(C-1)
4-3.3      List the indications for automated external defibrillation (AED). (C-1)
4-3.4      List the contraindications for automated external defibrillation. (C-1)
4-3.5      Define the role of EMT-I in the emergency cardiac care system. (C-1)
4-3.6      Explain the impact of age and weight on defibrillation. (C-1)
4-3.7      Discuss the position of comfort for patients with various cardiac emergencies. (C-1)
4-3.8      Establish the relationship between airway management and the patient with
           cardiovascular compromise. (C-3)
4-3.9      Predict the relationship between the patient experiencing cardiovascular compromise and
           basic life support. (C-2)
4-3.10     Discuss the fundamentals of early defibrillation. (C-1)
4-3.11     Explain the rationale for early defibrillation. (C-1)
4-3.12     Explain that not all chest pain patients result in cardiac arrest and do not need to be
           attached to an automated external defibrillator. (C-1)
4-3.13     Explain the importance of prehospital ACLS intervention if it is available. (C-1)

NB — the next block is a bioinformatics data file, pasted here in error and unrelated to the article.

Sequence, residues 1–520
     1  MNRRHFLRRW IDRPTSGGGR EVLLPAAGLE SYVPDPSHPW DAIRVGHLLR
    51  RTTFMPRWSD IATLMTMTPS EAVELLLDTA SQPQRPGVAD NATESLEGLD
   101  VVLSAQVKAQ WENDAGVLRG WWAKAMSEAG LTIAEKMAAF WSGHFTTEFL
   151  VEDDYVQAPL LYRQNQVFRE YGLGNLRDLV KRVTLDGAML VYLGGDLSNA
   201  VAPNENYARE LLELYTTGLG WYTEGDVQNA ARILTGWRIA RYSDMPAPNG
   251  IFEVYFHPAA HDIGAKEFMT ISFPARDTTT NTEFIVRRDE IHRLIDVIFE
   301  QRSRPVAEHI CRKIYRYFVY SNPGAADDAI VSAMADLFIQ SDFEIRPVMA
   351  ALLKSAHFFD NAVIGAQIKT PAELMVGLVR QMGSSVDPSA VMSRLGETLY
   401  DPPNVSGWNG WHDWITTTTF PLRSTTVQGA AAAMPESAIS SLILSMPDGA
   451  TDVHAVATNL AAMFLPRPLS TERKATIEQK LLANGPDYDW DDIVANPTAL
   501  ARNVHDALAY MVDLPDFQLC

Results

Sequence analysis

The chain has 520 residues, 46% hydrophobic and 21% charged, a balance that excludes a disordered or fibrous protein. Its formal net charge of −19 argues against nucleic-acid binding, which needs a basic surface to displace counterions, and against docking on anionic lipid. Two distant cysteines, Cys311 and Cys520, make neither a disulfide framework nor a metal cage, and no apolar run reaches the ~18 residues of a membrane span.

4-3.14     Explain the importance of urgent transport to a facility with Advanced Cardiac Life
           Support if it is not available in the prehospital setting. (C-1)
4-3.15     Discuss the various types of automated external defibrillators. (C-1)
4-3.16     Differentiate between the fully automated and the semiautomatic defibrillator. (C-3)
4-3.17     Discuss the procedures that must be taken into consideration for standard operations of
           the various types of automated external defibrillators. (C-1)
4-3.18     State the reasons for assuring that the patient is pulseless and apneic when using the
           automated external defibrillator. (C-1)
4-3.19     Discuss the circumstances which may result in inappropriate shocks. (C-1)